Swimmer's ear

Latest update: - Authors: Mieke Croughs, Ula Maniewski-Kelner

Swimmer’s ear is an infection of the outer part of the ear canal. This is usually caused by water that is left behind after swimming. Bacteria grow well in this warm, moist environment.

It usually starts with some itching and pain. Without treatment, the pain can increase, resulting in a blocked sensation and being able to hear less well. Eventually, severe pain, discharge of puss and fever can occur.

In the early stages, the infection can be treated with antibiotic ear drops, but in the later stages a general course of antibiotics is required. .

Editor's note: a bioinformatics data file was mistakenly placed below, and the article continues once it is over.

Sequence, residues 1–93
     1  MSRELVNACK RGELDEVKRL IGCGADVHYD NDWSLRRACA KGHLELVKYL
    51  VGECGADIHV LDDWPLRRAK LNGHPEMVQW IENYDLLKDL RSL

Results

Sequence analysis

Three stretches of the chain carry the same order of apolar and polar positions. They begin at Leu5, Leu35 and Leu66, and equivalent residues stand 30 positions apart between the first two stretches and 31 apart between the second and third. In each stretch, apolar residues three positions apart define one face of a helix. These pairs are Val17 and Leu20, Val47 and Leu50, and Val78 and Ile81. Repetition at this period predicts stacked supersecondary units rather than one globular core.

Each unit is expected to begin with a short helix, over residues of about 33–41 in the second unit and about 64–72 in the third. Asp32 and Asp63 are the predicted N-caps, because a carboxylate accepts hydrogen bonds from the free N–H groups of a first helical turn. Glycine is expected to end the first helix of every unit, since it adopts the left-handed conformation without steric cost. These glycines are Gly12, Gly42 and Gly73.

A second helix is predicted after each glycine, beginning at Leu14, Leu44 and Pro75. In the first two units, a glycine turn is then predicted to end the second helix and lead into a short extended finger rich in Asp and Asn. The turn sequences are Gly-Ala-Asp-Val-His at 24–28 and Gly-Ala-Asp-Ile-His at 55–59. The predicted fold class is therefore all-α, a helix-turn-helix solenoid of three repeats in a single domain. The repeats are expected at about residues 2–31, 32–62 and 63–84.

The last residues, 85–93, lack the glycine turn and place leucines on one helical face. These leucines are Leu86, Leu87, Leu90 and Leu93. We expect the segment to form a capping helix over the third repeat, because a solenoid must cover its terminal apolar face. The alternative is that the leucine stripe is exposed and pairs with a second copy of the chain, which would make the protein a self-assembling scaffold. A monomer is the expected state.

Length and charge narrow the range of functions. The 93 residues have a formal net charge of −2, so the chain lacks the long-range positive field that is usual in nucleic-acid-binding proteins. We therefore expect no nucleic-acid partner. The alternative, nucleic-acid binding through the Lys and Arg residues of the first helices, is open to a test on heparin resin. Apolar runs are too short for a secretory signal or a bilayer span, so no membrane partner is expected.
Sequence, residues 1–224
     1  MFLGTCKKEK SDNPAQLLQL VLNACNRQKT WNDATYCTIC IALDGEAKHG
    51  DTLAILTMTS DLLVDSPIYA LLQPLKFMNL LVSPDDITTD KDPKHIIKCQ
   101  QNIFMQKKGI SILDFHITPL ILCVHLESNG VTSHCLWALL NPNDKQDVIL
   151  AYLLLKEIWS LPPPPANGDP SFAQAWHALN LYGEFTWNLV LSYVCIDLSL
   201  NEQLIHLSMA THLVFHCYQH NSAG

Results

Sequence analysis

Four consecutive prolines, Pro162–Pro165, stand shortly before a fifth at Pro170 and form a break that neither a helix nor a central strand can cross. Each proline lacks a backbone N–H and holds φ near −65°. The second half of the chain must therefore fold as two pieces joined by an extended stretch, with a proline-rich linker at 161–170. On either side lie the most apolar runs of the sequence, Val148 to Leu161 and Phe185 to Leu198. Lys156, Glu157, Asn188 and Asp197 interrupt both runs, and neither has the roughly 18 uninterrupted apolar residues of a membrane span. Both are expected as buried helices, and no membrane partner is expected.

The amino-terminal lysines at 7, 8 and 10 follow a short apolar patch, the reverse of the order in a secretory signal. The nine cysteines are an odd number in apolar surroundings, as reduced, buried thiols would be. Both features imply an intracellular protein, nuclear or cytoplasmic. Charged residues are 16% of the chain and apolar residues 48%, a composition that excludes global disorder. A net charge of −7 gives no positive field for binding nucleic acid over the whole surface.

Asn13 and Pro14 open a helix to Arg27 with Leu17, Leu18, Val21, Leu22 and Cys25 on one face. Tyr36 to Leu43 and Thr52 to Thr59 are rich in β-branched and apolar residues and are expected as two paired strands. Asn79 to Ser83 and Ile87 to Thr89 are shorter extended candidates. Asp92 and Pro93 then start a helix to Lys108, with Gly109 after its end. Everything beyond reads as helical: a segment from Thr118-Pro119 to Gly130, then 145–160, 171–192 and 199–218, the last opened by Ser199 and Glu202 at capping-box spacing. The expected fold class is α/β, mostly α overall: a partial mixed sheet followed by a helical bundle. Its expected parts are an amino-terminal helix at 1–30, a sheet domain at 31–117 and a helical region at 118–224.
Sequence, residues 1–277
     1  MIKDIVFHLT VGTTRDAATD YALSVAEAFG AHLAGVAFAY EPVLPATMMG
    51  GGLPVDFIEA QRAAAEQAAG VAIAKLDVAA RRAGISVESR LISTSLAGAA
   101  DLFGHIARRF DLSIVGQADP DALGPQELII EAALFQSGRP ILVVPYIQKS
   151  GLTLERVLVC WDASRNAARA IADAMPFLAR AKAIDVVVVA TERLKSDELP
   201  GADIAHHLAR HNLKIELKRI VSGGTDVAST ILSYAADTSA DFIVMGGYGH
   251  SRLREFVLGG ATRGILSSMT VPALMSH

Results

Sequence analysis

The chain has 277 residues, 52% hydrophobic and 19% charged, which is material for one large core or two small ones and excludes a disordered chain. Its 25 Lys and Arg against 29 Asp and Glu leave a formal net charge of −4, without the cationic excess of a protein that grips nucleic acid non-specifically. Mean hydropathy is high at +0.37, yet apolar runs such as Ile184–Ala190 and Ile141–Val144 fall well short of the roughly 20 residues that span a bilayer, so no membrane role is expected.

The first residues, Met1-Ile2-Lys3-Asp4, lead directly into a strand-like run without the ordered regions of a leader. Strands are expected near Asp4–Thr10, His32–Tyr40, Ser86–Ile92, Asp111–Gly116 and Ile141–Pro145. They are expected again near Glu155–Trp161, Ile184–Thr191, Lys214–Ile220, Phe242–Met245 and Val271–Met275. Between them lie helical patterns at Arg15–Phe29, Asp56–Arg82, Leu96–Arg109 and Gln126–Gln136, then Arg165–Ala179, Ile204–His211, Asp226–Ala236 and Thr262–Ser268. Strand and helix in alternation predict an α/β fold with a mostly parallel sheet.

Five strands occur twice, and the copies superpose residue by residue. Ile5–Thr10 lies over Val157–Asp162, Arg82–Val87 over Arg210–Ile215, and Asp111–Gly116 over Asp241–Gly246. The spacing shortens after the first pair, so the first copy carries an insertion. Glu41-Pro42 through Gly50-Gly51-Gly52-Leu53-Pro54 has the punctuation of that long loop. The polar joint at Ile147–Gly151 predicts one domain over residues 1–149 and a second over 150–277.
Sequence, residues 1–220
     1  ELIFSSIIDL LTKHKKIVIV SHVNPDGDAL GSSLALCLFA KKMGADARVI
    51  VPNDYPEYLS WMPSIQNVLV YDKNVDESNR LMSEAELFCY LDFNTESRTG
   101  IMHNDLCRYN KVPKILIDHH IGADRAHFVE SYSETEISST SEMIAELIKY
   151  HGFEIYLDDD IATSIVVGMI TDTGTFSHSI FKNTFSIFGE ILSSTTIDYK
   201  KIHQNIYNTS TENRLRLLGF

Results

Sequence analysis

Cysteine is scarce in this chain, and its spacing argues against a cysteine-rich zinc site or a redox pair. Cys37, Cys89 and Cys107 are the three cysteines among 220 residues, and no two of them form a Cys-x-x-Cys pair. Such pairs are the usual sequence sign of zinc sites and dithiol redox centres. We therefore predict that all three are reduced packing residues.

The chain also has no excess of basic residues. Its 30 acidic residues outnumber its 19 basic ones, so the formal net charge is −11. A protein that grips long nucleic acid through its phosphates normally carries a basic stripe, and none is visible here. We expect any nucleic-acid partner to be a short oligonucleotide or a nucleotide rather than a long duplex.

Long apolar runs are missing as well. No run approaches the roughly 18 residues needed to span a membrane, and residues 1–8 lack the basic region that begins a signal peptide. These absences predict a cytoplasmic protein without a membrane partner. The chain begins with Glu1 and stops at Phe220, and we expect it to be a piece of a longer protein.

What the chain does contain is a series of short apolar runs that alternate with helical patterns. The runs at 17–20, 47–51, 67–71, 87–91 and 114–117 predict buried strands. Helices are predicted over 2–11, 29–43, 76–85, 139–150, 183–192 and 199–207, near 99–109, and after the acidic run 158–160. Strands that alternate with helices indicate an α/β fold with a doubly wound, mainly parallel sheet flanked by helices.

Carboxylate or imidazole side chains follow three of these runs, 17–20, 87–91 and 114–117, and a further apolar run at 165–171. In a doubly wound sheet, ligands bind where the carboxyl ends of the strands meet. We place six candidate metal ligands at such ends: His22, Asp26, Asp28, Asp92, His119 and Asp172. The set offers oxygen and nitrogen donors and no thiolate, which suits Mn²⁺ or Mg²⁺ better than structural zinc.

Prevention

Contaminated water

Do not swim in contaminated water.

Dry the ear

Dry the ear gently with a towel after swimming or showering. Tip the head sideways if necessary and pull your earlobe in various directions to make the water run out of your ear.

Hair dryer

If there is still water in your ear, you can use a hair dryer on the lowest setting and at a safe distance from the ear (at least 35 cm).

Disinfection

Disinfect the ear with a solution of 97% ethyl alcohol and 3% acetic acid. Or use ordinary table vinegar diluted with an equal quantity of water (50%). Do not do this if you have a perforated eardrum.

Do not insert objects

Do not insert ear buds or other objects in the ear.

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